Are diamonds forever?

The change of Israel's industry from manufacturing into a global trade center may save its int'l niche.

diamond ring 88 (photo credit: )
diamond ring 88
(photo credit: )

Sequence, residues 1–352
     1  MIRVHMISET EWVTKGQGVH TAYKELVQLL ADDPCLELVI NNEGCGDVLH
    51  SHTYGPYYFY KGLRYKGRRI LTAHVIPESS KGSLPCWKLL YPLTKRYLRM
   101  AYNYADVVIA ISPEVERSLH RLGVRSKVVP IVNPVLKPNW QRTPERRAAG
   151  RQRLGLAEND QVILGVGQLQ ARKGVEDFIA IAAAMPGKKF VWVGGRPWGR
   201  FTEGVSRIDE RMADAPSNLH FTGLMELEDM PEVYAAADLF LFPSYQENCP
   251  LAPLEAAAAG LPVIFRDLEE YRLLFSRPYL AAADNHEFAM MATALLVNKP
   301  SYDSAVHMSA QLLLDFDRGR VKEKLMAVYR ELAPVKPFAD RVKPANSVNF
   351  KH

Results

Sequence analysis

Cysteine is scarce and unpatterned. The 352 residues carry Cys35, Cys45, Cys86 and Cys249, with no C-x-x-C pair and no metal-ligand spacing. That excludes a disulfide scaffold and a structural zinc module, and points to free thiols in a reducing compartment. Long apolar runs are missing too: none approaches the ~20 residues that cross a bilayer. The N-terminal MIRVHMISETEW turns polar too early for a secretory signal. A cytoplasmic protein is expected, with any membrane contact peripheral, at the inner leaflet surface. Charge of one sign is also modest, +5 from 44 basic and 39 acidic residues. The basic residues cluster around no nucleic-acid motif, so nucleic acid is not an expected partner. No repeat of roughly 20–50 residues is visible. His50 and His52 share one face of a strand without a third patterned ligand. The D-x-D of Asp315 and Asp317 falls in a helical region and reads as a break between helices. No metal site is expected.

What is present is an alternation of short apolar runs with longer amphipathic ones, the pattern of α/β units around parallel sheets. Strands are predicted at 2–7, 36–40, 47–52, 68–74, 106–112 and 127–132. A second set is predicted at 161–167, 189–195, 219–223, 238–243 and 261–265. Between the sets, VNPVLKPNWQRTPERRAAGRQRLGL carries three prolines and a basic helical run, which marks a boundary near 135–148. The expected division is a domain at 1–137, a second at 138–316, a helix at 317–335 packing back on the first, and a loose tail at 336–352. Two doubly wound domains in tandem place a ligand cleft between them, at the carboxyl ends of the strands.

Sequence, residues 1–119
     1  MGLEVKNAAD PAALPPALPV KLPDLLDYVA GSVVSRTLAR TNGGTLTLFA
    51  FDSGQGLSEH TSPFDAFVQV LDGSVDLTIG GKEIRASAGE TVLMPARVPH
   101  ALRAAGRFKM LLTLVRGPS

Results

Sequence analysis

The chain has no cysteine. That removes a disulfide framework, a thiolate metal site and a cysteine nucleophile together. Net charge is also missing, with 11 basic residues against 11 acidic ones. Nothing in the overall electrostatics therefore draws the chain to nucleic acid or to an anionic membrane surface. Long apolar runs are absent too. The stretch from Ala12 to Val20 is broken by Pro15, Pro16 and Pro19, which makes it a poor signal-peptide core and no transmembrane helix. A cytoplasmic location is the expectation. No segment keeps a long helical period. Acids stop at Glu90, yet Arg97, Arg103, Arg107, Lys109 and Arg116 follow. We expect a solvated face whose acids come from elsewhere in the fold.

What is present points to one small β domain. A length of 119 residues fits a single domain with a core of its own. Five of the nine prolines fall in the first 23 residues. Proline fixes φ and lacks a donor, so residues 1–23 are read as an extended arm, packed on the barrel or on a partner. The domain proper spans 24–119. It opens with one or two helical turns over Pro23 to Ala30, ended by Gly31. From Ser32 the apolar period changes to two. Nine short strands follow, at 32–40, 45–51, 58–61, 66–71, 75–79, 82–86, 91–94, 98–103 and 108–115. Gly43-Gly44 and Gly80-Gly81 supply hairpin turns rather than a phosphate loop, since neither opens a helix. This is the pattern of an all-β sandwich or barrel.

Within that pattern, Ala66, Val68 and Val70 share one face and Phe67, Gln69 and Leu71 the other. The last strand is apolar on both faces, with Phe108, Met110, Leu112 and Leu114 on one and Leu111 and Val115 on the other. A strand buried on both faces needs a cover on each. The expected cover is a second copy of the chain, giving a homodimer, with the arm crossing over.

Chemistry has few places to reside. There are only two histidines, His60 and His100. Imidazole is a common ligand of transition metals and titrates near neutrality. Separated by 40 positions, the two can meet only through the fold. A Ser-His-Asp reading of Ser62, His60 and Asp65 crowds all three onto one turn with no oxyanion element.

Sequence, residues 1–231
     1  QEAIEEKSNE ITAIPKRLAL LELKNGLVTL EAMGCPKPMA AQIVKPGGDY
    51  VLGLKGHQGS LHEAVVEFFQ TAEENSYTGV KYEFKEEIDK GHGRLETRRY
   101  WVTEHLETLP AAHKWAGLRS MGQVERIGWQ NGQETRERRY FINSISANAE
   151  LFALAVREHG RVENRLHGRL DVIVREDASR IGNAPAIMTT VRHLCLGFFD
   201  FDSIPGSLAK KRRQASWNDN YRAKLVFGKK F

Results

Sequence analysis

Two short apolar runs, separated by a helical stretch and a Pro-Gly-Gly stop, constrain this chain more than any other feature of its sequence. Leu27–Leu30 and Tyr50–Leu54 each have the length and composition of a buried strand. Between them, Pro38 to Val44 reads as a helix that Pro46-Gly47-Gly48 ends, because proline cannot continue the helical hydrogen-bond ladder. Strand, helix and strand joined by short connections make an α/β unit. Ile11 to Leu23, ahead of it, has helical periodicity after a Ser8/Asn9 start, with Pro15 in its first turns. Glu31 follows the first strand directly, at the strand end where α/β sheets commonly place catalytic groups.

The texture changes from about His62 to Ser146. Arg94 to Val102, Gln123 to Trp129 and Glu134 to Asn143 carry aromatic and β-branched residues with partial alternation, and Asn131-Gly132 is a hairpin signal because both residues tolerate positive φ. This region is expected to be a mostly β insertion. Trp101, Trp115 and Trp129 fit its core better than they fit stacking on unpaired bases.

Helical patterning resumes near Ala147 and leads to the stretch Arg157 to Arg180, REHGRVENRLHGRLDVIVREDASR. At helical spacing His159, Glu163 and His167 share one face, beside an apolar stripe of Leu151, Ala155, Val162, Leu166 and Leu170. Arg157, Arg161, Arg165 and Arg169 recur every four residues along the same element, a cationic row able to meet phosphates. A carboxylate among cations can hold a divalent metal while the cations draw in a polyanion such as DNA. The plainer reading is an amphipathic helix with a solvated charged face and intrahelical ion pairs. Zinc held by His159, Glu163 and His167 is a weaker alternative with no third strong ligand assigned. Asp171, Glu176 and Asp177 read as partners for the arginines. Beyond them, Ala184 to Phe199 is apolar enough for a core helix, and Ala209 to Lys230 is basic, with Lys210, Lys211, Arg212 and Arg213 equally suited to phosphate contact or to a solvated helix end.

On a woman's finger, a diamond is all razzle-dazzle and shine. Before reaching its showcase potential, however, that diamond has traveled over numerous continents and quietly changed hands many times, in all likelihood passing through one of the world's largest diamond trading centers: a multiplex structure in the heart of Ramat Gan. From the outside, Israel's Diamond Exchange, affectionately known as the bourse, is the opposite of glitz and glitter. Its nondescript, behemoth construction barely hints at the level of activity burgeoning behind its almost airtight security. Comprised of four buildings connected through inside passageways, the bourse can boast 80,000 square meters, 1,000 offices, six bank branches, its own customs bureau and on-site controller, 35 elevators, two post offices, one synagogue, one study hall, two central trading halls and three independent restaurants. In short, the bourse is its own miniature city. And that's the way its members, who operate with clam-like secrecy, like it. "It is all done to give diamantaires the freedom to move around," explains exchange managing director Yair Cohen. Freedom of movement, however, is relative. The 15,000 people who pass through the bourse each day receive colored levels of security clearance based upon their needs, and entrance into one building hardly grants one access to the trading floor or even to the next building. For the uninitiated visitor, gaining entrance includes more stringencies than the average airport trip. It is a given that less palpable security measures are at play. "Let's just say that besides the bathroom, you will be seen all over the place," explained Avi Paz, president of the Diamond Exchange. There is good reason for such lockdown security, as nearly $20 billion worth of diamonds are traded inside the bourse's walls each year. The only complex of its kind among the world's 26 other bourses, crime is unheard of inside. The same cannot always be said for other major trading centers, like Manhattan's renowned diamond district whose diamond shops are interwoven into the city's streets leaving diamond brokers vulnerable to petty theft and more serious heists. Diamond broker Avi Elias, who has worked as a buyer for American customers both in New York's diamond district and the Ramat Gan center, explains that Israel's general culture of security creates a much more serious atmosphere inside the bourse than in other places. "It makes for the safest way to do business without a doubt," he says. It is clear that the diamond industry is a dominant power in the country's global trade and a significant force in its economy. Yet in the past two decades, the worldwide diamond industry has undergone numerous shifts in its dynamics that have forced Israel to reposition and redefine its strengths to stay competitive. FIGURATIVELY SPEAKING, securing entrance into bourse membership is even more exclusive than gaining physical access to the buildings. Technically, the bourse is a private corporation whose 2,700 members own shares in the company. Even though the bourse's physical operations are a model of sophistication and modernity, its members' business acumen is still one from a previous generation, based on family ties and close connections. The only way for a new member to gain access to the bourse is for a current member to bring him in and two other members to guarantee his financial credentials - a risk most often only undertaken by family members. As a result, the market is controlled, by some estimates, by a few hundred families with more than few dozen establishing themselves as industry leaders. Many insiders dismiss the notion that the family composition of the market intentionally creates a privileged entity. Rather, they explain that with such large amounts of money at stake on a daily basis, the most important criterion in diamond trading is the ability for one person to trust another. "People must know you and trust you. People know how to trust someone who is the son of somebody else," explains Shmuel Mordechai, the on-site diamond controller for the Ministry of Industry, Trade and Labor. Even disputes are settled through an internal arbitration system, and members hardly ever turn to outside courts or lawyers, a rarity in today's court-centered environment given the scope of the business deals involved in diamond trading. "The $20 billion of transactions are made with handshakes and saying mazal uvracha," describes Paz, the third generation in his family to enter into the diamond business. One's good name in the business is everything and those who violate internal rules will feel the sting. Not only will a delinquent member be banned from trading, he will quickly be blacklisted among all the other bourses, explains Paz who also serves as vice president for the World Federation of Diamond Bourses. The WFDB sets trading policies for and provides a legal framework for its 26 diamond exchange members. THE FAMILY nature of the diamond business parallels traditional Jewish involvement in gem trading dating back to the Middle Ages, when Jews were prevented from owning land, the most common source of income. To earn their living, Jews set up shop in the jewelry trade. In the face of historical European anti-Semitism, diamond dealing proved a particularly wise choice for many families. "They needed something that they could take with them and run whenever there was a pogrom," Paz says. Indeed the first diamond polishers and cutters in pre-state Palestine got their start after riots against Jews in Russia in the early 20th century, and the cataclysmic 1903 Kishinev pogrom prompted the 1905 Zionist Congress to seek relief for the Jewish orphans whose parents had been murdered. In response, Jews from Belgium and Holland offered to teach the orphaned children how to manufacture diamonds in Palestine. In 1937 the first polishing plant was established in Petah Tikva, and by 1948 there were 30 factories in the country employing close to 800 people. At the time, the salaries paid to diamond workers were among the highest in the state. Ten years after independence, there were 134 diamond polishing and cutting factories in the country. In parallel with these developments, the origins of the modern Diamond Exchange began in the living room of the late R. Akiva Weiss, whose house was on the corner of Tel Aviv's Herzl and Ahad Ha'am streets. There, a small group of diamond and jewelry merchants decided to establish the Eretz Yisrael Diamond Club in the late 1930s. Within a year, the club outgrew Weiss' living room and moved into a small two-room office on Allenby Street. By 1940 "the first diamond exchange in the Middle East" had been established. Simultaneously, additional commercial activity began to develop in various forms, most notably the group of diamantaires that would gather regularly at the Zuckerman cafe on Allenby Street and later found the Society for Developing the Diamond Profession in Eretz Yisrael. Ultimately the various groups merged, and in 1968 the Shimshon building of the current diamond exchange was inaugurated, eventually growing into today's giant Ramat Gan complex. Last year, Israel exported a combined $9.3 billion worth of polished and rough diamonds, comprising more than 20 percent of its total exports. The US is the largest market, with more than 60 percent of diamond exports going there. In comparison, Israel exports only 18 percent of its diamonds to Europe. IN ITS HEYDAY in the 1950s and 1960s, Israel reigned supreme as the global leader in diamond manufacturing. Within the last 15 years, laborers in India and China (often trained by Israelis) began offering cutting and polishing services at far lower costs than Israel's manufacturers. As a result, only 3,500 manufacturers are currently employed in the country, according to the Israel Diamond Manufacturing Association. Nevertheless, Israel maintains its strength in the cutting and polishing of large diamonds, in which the cost of labor is a negligible percentage of the diamond's final price, as opposed to smaller diamonds, in which manufacturers strive to keep labor costs from driving up the overall price. Even with the introduction of new software that can aid in the process, diamond cutting is still an art, and much of a diamond's final value derives from the strength of its cut. In particular, the cutting of large diamonds requires high-level proficiency that is still found only among Israel's multi-generational cutters. "Fewer people are working in manufacturing in Israel, but they have far more expertise," Mordechai explains. The value added in cutting large diamonds is so much greater than in the cutting of small diamonds that even though the volume of diamond manufacturing completed outside Israel far supersedes that within the country, more than 45 percent of global profits earned from manufacturing are still accrued here. Even more significant is Israel's role as a global trade center. "In the last 10 or 20 years, we reduced the number of people working in manufacturing and jumped to be the trade center of the world," Mordechai says. It is in this area that historical tight-knit personal connections show their critical strength. Israel's diamond traders have the ability to make connections all over the world that Asia's budding diamond manufacturers cannot come close to matching. As Mordechai explains, "The Jews and the Israelis still know how to find diamonds at better prices than the Indians and the Chinese." Insiders see the development of global partnerships as a key component to future success. The transformation of Israel's industry into a global trade center has already panned out for buyers like Elias, who has delivered diamonds to his customers at lower prices from Israel than he did in New York. "People perceive that access to certain merchandise is going to be the greatest in the States, but at what price?" he asks. "The better, smarter diamond buyers buy direct from Israel because Israel is a way station for all goods." IF ANYBODY understands the need to keep up with global trends it is Shmuel Schnitzer, whose family has long been considered a pillar of the Diamond Exchange. Schnitzer's father and family patriarch Moshe arrived in Mandatory Palestine in the mid-1930s, sent by his parents at the age of 13 in search of a more promising future than his native Romania could offer. During the struggle for independence, Moshe fought with the Irgun. As a result of this, he remained life-long friends with former prime ministers Menachem Begin and Yitzhak Shamir. Although he studied philosophy and history, Moshe became a diamond cutter by choice and was one of the visionaries who met in the Tel Aviv coffee shops during the early days of the bourse's development. He went on to become a giant in the industry, credited with lifetime commitment to developing the Diamond Exchange complex. He served as the president of the exchange for more than two decades and was president of the WFDB for two terms. In honor of his contributions to the industry, the Israel Diamond Exchange was renamed Kiryat Moshe Schnitzer and he was awarded the Israel Prize in 2004. Now Shmuel runs the family business with his brother-in-law, even though at 86, Moshe still comes to work most days. Shmuel, who took time out of the business to earn a law degree from Hebrew University, served as the exchange's president before Paz assumed the role. Inside the Schnitzer family offices, there is a bustle of nonstop activity rarely seen on the trading floors today, exemplifying the recent trend for business to be conducted in the more intimate setting of the office, rather than at the long rows of wooden tables that characterize the trading floors. Notwithstanding the stringent security throughout the complex, getting into the offices involves the same type of security that foreign embassies often employ. Entry involves a set of double doors in which one door must lock securely behind the visitor before the next door will open. Even as owners of a factory and one of the largest exporters at $70 million a year, Shmuel Schnitzer is worried about the future. "I don't see a big future for small or medium companies," he says, categorizing his own company as medium-sized. "I think we have to at least double our activity in the coming years, because if you don't work on a certain volume it doesn't pay." Schnitzer plans to increase volume by seeking out new markets, particularly in China, which he notes can offer up the opportunity of at least 300 million new customers. "In the last 50 years, there was no tradition of buying diamonds in China, but all of a sudden, they discovered diamond jewelry," he explains. His emphasis on volume derives from the plunging global profitability of the 1990s that sent the industry into crisis. The main cause was the shrinking price margin between the prices of rough diamonds and polished diamonds. Despite popular misconception, diamonds are neither particularly scarce nor inherently valuable. Even though diamonds are bought and sold for huge amounts of money, profits are derived from the price at which a dealer can sell a polished diamond over the price he paid for it rough. Sometimes that margin is less than 1 percent, forcing dealers to conduct large volumes of business. Experts concur that there are numerous causes for the decline in price margin, but part of the reason is the loosening control over prices in the rough diamond market. Until recently, the market was tightly controlled by DeBeers, which at one time managed more than 80 percent of rough diamonds. Today, the company's share has dropped below 50 percent. The demise of DeBeers' power was in small part due to the ingenious activities of another Israeli billionaire, Lev Leviev. Born in Russia, he made his fortune in diamonds after immigrating to Israel and devising a way to bypass the DeBeers cartel through manufacturing operations in Russia. Today, Leviev is one of the only people to have complete vertical control over the diamond production business, owning the entire process from the mines to retail. THE ULTIMATE profitability of a diamond, however, rests on the ability of the industry to build a reputation around it that creates demand in the consumer market. "The diamond is a symbol of purity and love," Paz emphasizes. That illusion of the diamond was in large part established by DeBeers, whose 1948 "A diamond is forever" slogan became one of the most successful advertising campaigns in history and was named the best slogan of the 20th century by Advertising Age magazine. In the post 9/11 world, however, it is becoming harder for the diamond sector to maintain that illusion when many governments are demanding that all industries become more transparent as they seek to eradicate any possible avenues that could be used by terrorists to launder money. The diamond industry, in particular, has been affected by the implementation of the Kimberly Process which tracks the export of rough diamonds to prevent stones from conflict regions from entering into the retail sector. "Until five or 10 years ago, there was a lot of secrecy in the industry for purposes of protection," Paz says. "For many reasons our business practices are becoming more open to everyone. I believe it is a good thing because if for any reason the image of the diamond is spoiled, then it would spoil our business." Regardless of falling profit margins, the data show that the bourse's next generation is still vying for a place in the elite exchange. Schnitzer's children have already made names for themselves in the bourse, though they don't work directly with the family business. The bourse's immediate future as a world diamond leader is strong, but for Schnitzer the joy in working in the industry comes from the diamonds themselves. "I have seen millions of diamonds in my life and I still love coming here. I love looking at diamonds because each diamond is a world of its own." n